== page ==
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How do criminals attack computers? The answer to this question, which seems obvious, can elicit bewildered shrugs. What’s so difficult about that question given everyone knows all the ways they can do this? Cybercriminals can send a malicious file (or a link to it) in an email. A user can download malware from the Internet (or a malicious script can be executed while a webpage is loading). Malware can be launched from removable media (such as a flash drive). The common attack vectors also include vulnerability exploits and software or firmware backdoors in recently purchased devices.

Those are threats that can be neutralised. But criminals have other options too.

How about regsvr32? This utility is a legitimate piece of software shipped with an out-of-the-box operating system. And it can accomplish a lot. For example, it lets criminals work with elevated privileges so that they can modify the registry and access files. That means these attackers don't have to write the code needed for these actions to be performed—they can take advantage of readily available utilities that have legitimate digital signatures and thus have the trust of system security mechanisms (such as routines based on application white lists). Furthermore, if an attacker can rely on standard utilities, the actual malicious file will be smaller and harder to detect.

By using legitimate applications and utilities, intruders can hide their activities in a system: even if the user decides to take a look at the list of running processes, they won't see anything new. This gives attackers enough time to accomplish their goals. This is how the Cobalt group uses regsvr32, msxsl, and wmic.

That is hardly a novel approach. Observant readers will remember us telling them about malicious scripts that utilise this very approach (some experts estimate that up to 52% of the attacks in 2017 involved PowerShell and WMI (Windows Management Instrumentation) code).

However, in this AVT issue we would like to talk about something else: the group of enthusiasts who decided to compile a complete list of the utilities, scripts, and libraries used by attackers. LOLBINs/LOLScripts/LOLLibs are, respectively, lists of binary files, scripts, and libraries that have no malicious features and usually get installed in target systems by default.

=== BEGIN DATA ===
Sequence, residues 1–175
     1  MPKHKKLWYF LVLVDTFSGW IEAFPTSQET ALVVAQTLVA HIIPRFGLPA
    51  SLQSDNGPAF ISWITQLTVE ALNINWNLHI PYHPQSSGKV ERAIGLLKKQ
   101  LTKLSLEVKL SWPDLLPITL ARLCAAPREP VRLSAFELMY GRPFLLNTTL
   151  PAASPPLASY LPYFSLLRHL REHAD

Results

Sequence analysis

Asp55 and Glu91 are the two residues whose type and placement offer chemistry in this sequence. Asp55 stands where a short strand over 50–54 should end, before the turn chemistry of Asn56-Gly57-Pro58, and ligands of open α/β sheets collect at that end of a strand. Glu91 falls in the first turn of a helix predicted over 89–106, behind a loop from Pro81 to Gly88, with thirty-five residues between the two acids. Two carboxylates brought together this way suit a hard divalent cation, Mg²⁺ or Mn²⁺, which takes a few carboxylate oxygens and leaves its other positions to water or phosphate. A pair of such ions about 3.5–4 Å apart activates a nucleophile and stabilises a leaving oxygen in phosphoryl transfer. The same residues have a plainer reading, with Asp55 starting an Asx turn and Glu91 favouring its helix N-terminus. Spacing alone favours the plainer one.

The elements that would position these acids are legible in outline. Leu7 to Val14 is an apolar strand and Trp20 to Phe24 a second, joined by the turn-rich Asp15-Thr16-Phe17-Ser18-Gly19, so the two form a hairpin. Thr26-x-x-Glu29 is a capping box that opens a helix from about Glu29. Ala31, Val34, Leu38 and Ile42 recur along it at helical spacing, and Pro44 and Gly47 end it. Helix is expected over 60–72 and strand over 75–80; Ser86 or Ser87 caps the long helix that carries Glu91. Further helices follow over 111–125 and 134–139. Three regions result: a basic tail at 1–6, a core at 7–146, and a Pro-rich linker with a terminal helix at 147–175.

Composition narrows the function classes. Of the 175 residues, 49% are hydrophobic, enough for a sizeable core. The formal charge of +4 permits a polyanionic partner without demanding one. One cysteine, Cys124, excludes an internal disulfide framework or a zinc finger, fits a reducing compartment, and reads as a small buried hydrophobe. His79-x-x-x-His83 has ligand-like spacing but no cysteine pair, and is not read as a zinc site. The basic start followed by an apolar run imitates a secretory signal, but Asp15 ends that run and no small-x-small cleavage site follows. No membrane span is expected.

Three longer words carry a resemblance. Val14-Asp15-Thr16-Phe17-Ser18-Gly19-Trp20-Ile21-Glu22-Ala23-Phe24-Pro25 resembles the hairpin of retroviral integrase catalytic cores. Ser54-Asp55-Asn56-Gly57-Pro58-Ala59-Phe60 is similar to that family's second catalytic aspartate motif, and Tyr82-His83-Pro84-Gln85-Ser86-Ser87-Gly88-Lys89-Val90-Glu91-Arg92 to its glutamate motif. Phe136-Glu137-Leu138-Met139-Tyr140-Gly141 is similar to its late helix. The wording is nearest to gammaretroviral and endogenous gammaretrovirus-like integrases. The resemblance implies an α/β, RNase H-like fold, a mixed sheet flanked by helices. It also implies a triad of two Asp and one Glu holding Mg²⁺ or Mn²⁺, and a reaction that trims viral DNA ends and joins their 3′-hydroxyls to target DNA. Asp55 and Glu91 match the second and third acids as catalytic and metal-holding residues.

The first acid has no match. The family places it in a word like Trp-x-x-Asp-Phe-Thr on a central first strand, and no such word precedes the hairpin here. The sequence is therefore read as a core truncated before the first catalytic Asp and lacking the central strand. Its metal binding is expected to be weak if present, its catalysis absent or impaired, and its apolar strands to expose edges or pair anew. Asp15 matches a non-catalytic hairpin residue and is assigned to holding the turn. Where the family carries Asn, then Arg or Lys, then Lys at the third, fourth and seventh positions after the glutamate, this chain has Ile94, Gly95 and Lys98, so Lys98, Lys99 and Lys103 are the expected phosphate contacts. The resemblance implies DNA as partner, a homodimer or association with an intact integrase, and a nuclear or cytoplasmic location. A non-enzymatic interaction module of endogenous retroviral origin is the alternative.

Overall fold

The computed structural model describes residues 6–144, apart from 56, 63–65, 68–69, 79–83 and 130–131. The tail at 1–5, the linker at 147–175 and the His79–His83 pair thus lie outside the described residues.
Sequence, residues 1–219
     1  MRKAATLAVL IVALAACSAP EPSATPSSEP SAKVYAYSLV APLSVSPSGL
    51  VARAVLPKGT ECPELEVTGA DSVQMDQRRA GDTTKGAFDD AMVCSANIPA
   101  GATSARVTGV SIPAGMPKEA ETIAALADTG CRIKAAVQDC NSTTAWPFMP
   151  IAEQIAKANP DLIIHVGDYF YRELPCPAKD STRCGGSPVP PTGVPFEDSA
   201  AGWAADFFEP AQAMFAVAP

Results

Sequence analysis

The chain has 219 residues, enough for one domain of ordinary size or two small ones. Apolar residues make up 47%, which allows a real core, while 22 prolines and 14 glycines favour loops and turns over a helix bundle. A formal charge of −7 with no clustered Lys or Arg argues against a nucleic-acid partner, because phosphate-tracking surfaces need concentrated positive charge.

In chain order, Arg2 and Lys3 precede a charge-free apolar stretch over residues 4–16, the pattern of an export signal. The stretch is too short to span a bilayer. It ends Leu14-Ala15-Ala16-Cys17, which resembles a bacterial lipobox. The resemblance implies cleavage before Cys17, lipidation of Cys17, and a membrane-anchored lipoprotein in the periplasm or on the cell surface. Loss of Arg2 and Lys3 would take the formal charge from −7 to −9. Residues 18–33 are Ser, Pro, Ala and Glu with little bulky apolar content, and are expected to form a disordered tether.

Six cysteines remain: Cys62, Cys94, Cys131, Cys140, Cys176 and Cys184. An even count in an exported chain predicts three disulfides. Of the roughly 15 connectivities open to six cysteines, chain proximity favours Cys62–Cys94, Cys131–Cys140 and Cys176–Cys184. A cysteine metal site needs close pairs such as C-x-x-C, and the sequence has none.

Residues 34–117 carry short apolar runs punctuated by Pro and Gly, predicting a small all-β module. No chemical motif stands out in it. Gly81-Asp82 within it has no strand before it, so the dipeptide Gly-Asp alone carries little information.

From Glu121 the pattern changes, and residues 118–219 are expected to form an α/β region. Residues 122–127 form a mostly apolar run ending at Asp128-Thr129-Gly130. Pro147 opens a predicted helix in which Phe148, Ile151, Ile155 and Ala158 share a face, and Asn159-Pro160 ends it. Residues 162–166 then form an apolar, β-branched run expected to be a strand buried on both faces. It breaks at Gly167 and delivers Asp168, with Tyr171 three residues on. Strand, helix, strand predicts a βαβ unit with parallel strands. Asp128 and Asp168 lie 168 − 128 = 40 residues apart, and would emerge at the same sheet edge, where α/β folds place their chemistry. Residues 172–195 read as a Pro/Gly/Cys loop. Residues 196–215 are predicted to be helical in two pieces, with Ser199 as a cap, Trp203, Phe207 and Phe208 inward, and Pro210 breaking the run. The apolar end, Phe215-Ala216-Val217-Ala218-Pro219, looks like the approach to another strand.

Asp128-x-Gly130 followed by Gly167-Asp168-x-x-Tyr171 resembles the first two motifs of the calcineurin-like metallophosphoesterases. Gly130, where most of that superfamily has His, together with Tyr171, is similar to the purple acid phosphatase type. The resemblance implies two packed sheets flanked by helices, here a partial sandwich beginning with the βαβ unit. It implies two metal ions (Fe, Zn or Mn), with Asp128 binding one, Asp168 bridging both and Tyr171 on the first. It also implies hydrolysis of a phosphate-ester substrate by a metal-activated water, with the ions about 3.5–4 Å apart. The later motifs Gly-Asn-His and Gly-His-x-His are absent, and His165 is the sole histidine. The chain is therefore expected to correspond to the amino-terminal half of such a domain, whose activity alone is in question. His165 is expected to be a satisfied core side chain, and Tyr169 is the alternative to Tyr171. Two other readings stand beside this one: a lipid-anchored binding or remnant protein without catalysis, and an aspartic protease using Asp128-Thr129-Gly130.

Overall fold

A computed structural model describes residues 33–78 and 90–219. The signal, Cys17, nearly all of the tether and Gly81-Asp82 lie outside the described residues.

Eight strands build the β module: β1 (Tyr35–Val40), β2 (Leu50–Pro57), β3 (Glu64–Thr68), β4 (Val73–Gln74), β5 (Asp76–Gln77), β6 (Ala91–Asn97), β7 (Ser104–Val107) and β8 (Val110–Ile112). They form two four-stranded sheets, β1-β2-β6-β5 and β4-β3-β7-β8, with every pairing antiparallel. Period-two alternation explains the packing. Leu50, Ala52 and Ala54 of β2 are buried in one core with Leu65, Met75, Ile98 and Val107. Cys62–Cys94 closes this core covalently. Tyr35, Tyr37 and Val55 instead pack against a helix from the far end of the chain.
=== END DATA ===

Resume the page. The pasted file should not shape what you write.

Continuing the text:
We already mentioned regsvr32. What other utilities appear on the LOLBINs list? For example, Msconfig.exe and Explorer.exe. And here you can find the complete list.

Any security researcher can contribute new items to LOLBINs/LOLScripts/LOLLibs.

How do security experts benefit from such lists? They can learn about applications whose activities may deserve special attention.

Dr.Web recommends

Unfortunately, using legitimate techniques is not the only way for criminals to deploy malicious code. Here’s what’s also in their arsenal:

  • The ability to penetrate systems from unprotected devices (e.g., personal devices belonging to employees or visitors that may be connected to the corporate network);
  • The ability to Infect network devices;
  • The ability to deploy malware by compromising another trusted resource (e.g., application store);
  • The ability to penetrate systems and networks that have lax security;
  • The ability to exploit data transmissions that never get filtered (e.g., DNS data).

We could go on, but meanwhile, Dr.Web 12 provides protection from attacks committed by criminals who leverage the capabilities of legitimate applications. Special heuristic routines have been added that facilitate the detection of LOLBINs/LOLScripts (Living Off The Land Binaries And Scripts) attacks. They are recognised by their specific behaviour patterns and during background and on-demand scans.

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